Haynes, N. J., Vandenberg, R. J., Wilson, M. G., DeJoy, D. M., Padilla, H. M., & Smith, M. L. (2022). Evaluating the Impact of The Live Healthy, Work Healthy Program on Organizational Outcomes: A Randomized Field Experiment. Journal of Applied Psychology, 107, 1758-1780.

Click here for a layperson’s summary of the work
Three out of four U.S. employees are managing one or more chronic health conditions (e.g., diabetes, high blood pressure, depression, anxiety). Most programs helping people manage chronic health conditions are not well-suited for the actively working population. We examined how a workplace-tailored program—Live Healthy, Work Health (LHWH)—can benefit employees and their organizations. Participants joined the program immediately (intervention group) or 6-month later (delayed control group). Findings reveal that employees in LHWH reported numerous positive work-related outcomes, including a decrease in burnout and job stress as well as increases in perceived organizational support (POS), work engagement, work ability, organizational commitment, and organizational citizenship behavior (i.e., going “above and beyond”). The increases in POS during the intervention led to other desirable changes that happened simultaneously and over time (subsequent changes in burnout, job satisfaction, work ability, and turnover intention). Importantly, researchers also found that positive changes were strongest when workplaces chose to offer the LHWH program on work time. In summary, when employers are proactive in helping their employees manage their chronic health conditions, employees feel that their employers care about them as people—not just employees—and this leads to positive changes in personal and organizational outcomes.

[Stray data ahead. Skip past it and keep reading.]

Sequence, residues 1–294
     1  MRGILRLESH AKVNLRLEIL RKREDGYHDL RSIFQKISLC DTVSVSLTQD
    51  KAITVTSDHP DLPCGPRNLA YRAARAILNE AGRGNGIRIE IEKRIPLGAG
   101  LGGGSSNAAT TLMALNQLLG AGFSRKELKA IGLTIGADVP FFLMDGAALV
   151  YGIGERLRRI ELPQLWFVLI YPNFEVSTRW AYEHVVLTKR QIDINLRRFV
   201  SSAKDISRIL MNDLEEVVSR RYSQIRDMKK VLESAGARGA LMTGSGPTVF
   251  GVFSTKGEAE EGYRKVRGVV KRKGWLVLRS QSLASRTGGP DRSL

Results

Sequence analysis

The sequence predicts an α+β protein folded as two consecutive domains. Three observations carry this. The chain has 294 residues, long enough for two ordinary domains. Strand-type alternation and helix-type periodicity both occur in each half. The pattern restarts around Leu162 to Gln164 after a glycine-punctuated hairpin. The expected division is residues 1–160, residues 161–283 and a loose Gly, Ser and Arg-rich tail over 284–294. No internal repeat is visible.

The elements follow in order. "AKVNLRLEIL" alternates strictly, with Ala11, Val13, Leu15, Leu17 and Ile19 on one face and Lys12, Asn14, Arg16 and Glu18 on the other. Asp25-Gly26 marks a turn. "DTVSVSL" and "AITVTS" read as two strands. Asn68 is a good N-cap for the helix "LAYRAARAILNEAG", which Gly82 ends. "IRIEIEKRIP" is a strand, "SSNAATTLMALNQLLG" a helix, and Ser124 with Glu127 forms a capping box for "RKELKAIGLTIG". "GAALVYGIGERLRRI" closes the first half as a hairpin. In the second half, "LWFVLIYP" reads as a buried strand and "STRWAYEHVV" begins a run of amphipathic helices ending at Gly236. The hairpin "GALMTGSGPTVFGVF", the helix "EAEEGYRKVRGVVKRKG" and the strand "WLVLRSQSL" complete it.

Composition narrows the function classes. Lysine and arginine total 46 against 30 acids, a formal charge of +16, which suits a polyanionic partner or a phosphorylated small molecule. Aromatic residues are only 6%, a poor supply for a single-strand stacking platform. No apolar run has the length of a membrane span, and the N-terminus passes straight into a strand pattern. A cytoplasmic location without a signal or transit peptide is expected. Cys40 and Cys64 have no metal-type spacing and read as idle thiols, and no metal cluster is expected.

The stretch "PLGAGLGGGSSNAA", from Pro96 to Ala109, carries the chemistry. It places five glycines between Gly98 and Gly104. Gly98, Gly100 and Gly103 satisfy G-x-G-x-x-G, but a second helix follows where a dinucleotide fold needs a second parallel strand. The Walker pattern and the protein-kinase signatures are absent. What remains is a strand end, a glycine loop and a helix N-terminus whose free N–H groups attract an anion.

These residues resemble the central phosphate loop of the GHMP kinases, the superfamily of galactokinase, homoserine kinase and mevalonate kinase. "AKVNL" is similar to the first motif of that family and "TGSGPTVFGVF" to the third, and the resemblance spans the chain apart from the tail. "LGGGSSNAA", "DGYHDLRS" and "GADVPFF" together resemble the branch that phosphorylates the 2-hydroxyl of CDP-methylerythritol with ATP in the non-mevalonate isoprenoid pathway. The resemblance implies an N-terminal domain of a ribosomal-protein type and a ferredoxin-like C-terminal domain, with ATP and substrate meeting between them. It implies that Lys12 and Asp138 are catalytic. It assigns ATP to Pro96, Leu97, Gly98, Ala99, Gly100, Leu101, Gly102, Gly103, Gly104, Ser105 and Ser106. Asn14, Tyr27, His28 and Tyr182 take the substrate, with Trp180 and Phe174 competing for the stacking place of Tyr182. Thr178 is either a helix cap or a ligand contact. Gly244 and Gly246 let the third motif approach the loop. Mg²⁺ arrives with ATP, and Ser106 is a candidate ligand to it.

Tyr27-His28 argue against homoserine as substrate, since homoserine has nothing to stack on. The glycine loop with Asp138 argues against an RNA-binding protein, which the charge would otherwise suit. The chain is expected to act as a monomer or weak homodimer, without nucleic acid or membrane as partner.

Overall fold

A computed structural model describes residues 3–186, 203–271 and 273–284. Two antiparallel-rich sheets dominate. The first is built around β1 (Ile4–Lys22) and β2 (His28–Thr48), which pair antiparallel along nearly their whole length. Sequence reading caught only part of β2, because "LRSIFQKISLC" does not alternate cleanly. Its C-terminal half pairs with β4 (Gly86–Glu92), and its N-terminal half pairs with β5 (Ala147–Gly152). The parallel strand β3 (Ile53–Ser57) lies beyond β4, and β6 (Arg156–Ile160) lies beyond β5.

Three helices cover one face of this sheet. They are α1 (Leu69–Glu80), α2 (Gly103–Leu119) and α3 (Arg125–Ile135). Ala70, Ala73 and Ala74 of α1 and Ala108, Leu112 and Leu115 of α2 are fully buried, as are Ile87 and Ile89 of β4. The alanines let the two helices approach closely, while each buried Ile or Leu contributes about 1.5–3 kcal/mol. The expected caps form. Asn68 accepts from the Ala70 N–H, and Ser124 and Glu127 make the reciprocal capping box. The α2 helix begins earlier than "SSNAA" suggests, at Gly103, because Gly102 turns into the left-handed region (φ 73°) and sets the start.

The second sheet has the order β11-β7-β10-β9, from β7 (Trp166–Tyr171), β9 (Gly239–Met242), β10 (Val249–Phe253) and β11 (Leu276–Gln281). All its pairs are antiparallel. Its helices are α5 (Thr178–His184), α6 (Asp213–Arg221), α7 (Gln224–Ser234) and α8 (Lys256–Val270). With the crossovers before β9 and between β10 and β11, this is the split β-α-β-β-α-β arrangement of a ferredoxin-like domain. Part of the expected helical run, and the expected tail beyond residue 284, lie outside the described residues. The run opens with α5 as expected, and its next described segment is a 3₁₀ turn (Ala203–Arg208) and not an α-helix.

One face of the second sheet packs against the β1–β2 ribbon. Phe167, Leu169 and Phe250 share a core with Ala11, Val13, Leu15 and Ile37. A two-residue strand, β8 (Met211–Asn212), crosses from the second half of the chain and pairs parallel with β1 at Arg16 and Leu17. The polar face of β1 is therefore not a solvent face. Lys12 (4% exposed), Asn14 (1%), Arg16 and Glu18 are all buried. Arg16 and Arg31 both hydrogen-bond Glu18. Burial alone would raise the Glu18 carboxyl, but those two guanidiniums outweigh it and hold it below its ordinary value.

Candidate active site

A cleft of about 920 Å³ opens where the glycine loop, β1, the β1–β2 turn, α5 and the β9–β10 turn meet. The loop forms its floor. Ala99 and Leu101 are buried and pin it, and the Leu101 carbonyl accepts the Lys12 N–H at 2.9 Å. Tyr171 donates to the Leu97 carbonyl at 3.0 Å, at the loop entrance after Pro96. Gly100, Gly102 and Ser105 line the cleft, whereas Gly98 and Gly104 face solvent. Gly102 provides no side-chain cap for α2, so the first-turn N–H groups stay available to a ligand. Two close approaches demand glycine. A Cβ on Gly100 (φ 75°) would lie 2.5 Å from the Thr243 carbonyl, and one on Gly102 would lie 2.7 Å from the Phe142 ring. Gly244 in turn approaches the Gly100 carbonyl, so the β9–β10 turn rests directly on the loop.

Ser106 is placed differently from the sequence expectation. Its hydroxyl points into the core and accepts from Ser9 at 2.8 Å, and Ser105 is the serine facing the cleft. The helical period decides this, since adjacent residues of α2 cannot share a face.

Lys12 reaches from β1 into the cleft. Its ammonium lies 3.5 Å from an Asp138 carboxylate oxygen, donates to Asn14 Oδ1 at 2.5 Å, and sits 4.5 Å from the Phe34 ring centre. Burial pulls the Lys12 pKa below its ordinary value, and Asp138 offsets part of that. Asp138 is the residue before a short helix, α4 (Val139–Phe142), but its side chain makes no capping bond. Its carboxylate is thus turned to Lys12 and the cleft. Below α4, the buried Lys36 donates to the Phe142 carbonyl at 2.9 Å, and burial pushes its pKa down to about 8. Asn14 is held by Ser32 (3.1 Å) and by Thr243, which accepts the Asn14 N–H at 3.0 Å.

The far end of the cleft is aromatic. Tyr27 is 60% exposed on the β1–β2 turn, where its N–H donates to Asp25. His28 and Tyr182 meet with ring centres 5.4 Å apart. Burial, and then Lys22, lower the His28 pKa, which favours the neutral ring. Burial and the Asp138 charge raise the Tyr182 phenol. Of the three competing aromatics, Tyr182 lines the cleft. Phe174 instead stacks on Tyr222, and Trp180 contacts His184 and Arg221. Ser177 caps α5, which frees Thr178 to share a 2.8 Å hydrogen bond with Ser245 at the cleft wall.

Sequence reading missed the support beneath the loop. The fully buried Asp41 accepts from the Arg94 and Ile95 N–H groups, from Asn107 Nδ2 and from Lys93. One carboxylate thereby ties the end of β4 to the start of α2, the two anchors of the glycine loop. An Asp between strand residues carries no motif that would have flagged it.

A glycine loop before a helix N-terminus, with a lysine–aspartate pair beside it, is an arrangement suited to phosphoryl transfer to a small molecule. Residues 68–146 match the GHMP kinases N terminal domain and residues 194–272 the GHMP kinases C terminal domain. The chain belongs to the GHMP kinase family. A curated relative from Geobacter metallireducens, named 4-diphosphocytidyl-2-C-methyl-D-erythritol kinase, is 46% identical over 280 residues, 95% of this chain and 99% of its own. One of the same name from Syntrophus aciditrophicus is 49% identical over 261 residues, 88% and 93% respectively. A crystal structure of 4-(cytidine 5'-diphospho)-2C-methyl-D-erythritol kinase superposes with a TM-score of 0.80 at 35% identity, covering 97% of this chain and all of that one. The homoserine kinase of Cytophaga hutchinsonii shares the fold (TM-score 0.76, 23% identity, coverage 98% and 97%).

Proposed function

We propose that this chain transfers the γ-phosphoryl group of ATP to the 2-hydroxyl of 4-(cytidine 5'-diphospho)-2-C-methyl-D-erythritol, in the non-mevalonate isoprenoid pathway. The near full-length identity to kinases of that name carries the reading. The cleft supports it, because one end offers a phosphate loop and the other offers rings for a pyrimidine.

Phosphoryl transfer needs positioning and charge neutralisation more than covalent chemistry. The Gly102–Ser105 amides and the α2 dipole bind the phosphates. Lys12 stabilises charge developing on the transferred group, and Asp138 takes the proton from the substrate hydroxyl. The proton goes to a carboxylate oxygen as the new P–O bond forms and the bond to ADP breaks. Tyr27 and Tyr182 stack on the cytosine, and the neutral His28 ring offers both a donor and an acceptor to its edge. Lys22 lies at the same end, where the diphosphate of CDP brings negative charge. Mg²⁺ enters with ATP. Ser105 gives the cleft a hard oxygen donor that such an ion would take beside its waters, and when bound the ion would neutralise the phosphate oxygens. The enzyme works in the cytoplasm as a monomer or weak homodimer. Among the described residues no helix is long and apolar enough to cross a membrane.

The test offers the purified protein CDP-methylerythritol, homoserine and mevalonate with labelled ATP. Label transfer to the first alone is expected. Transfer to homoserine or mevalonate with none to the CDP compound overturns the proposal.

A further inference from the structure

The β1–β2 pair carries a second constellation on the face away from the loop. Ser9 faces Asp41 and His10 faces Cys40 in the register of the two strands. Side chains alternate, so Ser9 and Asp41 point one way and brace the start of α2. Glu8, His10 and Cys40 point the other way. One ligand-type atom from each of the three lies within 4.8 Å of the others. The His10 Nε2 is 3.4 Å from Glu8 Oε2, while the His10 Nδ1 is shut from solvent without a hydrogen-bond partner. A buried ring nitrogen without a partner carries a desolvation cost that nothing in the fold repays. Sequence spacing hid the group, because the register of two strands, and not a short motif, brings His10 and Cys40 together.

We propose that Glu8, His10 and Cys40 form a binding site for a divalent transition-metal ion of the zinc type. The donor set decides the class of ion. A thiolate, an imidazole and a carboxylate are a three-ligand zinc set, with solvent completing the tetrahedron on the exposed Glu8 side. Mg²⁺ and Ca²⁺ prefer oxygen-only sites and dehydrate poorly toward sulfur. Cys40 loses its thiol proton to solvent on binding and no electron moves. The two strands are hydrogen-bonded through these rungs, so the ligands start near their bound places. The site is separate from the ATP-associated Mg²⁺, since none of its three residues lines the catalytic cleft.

Prengler, M., Chawla, N., Leigh, A. & Rogers, K. (2023) Challenging racism as a Black police officer: An emergent theory of employee anti-racism. Journal of Applied Psychology, 108(2): 249-272.

Click here for a layperson’s summary of the work
Using a qualitative, interview-based approach, this study explores how Black law enforcement officers combat racism within their highly racialized institutions. The authors present a theoretical model of employee anti-racism that explains why racial minority employees choose to join organizations that continually perpetuate racism, how they challenge racism, and how they sustain their anti-racism efforts in the face of continuous racial discrimination both within their organizations and society more broadly. Findings from the qualitative data highlight how Black police officers leveraged their unique position as members in both law enforcement and the Black community, simultaneously working to reduce racism in policing and remediate the effects of racism in the Black community. Overall, this work provides a theoretical and practical roadmap highlighting how racial minority employees combat racism in a holistic manner via organizational membership—tackling multiple facets of the social system in which it is deeply embedded—and how they sustain their positive impact across both their organizations and their racial communities.

2023 Micro Winners

2023 Macro Winners